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Sinclair
01-20-2013, 01:44 PM
Hi. I am planning to buy a bass amp this week. Is there any way playing my ukulele through it will damage it? Thanks in advance for any help.

lennymac
01-20-2013, 02:15 PM
To my knowledge there shouldn't be an issue.

Harold O.
01-20-2013, 04:11 PM
No issue at all. In fact, we (Guitar Merchant in LA) sell more bass amps to uke players than the standard guitar amp. People try both and pick the sound that suits them. Usually the bass amp wins out, typically a Fender Rumble 15.

~dave~~wave~
01-20-2013, 04:31 PM
No conceivable way you could damage a bass amp playing a uke through it.
I state that categorically, without reservation, based on 45 years of experience.

They're not the optimum match, since the speakers are tuned two octaves lower than the range of a uke.
But a good bass amp has more utility than vice versa, i.e. trying to play bass through a guitar amp. You might want a u-bass someday. ;)

I use my old G-K bass amp with a 12" speaker often for uke. It has a high boost eq filter switch that sounds good. You'll want to dial down the bottom eq knobs to get rid of objectionable thump from the piezo pickup. As I said above, no musical sound from a uke down in the bass range, only noise.

Another downside to bass amps is they have no reverb or chorus effects, you'd need outboard processing for that.

Brad Bordessa
01-20-2013, 04:53 PM
A keyboard amp is probably even better if you are buying specifically for 'ukulele. But if you play bass too then charge... They usually sound pretty darn good.

itsme
01-20-2013, 05:47 PM
In fact, we (Guitar Merchant in LA) sell more bass amps to uke players than the standard guitar amp. People try both and pick the sound that suits them. Usually the bass amp wins out, typically a Fender Rumble 15.
Interesting. Some years ago I bought a small Fender RAD bass amp to use with a flamenco guitar. The salesman had said bass amps were the way to go for acoustic instruments.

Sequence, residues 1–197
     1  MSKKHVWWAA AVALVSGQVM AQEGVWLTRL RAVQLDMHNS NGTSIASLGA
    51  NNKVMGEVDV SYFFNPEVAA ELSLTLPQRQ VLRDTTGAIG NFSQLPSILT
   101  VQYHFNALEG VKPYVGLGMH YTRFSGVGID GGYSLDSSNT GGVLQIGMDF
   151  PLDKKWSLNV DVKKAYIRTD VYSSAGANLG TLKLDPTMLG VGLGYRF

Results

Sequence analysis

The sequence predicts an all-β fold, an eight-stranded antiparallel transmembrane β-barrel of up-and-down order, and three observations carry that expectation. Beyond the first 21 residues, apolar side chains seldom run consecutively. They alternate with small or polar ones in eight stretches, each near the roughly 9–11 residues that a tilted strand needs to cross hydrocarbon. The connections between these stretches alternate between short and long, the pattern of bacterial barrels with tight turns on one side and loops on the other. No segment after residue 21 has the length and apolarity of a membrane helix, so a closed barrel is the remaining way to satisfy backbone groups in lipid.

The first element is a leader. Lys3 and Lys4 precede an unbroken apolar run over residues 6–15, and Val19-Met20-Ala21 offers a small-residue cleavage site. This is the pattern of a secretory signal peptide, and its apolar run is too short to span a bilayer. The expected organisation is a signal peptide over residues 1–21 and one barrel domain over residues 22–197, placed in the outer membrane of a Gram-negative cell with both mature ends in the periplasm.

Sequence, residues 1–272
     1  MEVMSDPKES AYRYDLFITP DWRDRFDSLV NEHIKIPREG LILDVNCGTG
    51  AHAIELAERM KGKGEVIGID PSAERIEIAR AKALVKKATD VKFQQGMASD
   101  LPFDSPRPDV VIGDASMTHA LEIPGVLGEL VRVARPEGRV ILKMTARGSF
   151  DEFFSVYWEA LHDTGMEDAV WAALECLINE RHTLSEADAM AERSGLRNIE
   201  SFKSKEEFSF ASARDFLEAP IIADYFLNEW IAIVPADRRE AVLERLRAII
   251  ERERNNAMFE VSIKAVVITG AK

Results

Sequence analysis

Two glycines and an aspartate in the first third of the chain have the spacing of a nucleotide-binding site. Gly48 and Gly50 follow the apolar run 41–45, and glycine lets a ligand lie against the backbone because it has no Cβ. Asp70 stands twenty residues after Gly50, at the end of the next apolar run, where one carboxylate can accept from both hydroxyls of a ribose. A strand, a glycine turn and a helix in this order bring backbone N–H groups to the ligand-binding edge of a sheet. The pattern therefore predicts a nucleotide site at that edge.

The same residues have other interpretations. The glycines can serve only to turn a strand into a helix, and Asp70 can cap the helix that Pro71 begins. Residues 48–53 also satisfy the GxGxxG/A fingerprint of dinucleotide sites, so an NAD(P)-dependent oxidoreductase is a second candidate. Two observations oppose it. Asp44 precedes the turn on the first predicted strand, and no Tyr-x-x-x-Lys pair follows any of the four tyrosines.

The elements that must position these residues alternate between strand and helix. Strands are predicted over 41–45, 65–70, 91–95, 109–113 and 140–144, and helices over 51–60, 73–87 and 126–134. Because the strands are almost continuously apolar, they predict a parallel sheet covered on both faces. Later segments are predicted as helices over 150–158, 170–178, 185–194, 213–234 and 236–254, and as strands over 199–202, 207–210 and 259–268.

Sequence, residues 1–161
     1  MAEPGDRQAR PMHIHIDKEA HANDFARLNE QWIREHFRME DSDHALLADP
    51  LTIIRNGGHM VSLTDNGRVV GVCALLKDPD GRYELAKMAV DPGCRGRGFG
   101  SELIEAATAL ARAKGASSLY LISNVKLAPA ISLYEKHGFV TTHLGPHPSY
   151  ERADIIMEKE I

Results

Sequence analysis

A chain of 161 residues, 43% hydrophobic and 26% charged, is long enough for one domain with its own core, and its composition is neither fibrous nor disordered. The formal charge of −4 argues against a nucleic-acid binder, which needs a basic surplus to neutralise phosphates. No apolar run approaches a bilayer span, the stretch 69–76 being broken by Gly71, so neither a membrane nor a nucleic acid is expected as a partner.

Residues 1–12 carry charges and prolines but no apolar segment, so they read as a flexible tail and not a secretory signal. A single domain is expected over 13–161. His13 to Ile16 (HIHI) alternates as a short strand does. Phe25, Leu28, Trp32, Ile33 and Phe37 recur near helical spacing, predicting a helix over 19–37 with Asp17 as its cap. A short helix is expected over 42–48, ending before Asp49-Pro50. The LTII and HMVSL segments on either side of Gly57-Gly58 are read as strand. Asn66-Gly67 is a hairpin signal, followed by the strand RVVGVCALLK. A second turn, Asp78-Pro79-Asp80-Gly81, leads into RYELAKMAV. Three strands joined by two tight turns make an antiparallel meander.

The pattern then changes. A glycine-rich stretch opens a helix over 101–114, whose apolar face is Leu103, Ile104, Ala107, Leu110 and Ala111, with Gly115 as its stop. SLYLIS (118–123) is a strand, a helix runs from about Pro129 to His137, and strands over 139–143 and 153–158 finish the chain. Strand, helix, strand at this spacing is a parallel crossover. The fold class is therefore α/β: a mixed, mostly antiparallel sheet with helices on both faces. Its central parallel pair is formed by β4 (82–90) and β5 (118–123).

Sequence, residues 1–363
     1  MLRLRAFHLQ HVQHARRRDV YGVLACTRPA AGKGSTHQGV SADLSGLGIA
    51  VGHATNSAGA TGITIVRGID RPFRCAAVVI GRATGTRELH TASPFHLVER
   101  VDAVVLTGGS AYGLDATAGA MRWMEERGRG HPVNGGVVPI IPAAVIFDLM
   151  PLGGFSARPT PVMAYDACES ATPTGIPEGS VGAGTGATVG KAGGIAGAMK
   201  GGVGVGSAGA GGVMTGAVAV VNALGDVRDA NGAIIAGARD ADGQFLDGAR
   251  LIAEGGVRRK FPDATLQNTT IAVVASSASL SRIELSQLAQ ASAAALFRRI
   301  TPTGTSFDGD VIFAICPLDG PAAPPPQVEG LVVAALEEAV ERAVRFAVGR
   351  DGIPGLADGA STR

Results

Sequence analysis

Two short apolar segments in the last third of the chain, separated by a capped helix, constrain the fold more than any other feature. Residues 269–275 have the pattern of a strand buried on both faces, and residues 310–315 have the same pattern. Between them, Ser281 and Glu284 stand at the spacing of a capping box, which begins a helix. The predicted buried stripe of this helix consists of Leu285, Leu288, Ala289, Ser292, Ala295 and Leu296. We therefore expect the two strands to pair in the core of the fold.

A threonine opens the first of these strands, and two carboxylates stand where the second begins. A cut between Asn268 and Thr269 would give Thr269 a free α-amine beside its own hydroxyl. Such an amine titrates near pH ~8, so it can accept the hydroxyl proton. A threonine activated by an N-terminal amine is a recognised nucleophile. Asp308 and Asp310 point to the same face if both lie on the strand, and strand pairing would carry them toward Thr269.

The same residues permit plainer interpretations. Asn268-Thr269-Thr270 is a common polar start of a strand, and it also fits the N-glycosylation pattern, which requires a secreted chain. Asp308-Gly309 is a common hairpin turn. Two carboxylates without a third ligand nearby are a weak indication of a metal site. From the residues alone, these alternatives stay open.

BassGuyukin'
01-20-2013, 05:58 PM
Yeah, bass amps are best for any instrument you want having a clean sound. I am a bassist and certainly don't need to buy any other amp for playing the uke! Actually a small bass practice amp is plenty.

Harold O.
01-21-2013, 04:57 AM
...Another downside to bass amps is they have no reverb or chorus effects, you'd need outboard processing for that.

The guys who have come in looking to amp their ukes are looking for a loud ukulele sound as opposed to a sound-effected ukulele. As you say, you can always add a pedal or other effects inline to the bass amp. Either way, it will not hurt the amp. Your ears, maybe, but not the amp!

kapahulu50
01-21-2013, 06:25 AM
Playing my koaloha tenor w misi pickup through my Hartke 350 w head and 2 4x12 cabinets caused no damage (other than to eardrums).

Plainsong
01-21-2013, 06:31 AM
The guys who have come in looking to amp their ukes are looking for a loud ukulele sound as opposed to a sound-effected ukulele. As you say, you can always add a pedal or other effects inline to the bass amp. Either way, it will not hurt the amp. Your ears, maybe, but not the amp!

Aren't the on board effects generally not as good as a quality pedal anyway.... I mean very very generally speaking. I'd rather choose the pedal myself. I've not plugged the mxr analog chorus + uke into my husband's Peavey bass amp. I gotta try that sometime. Various ukes have done well through that amp though. You have to change the EQ from his bass settings obviously, but otherwise... :)

OldePhart
01-21-2013, 06:36 AM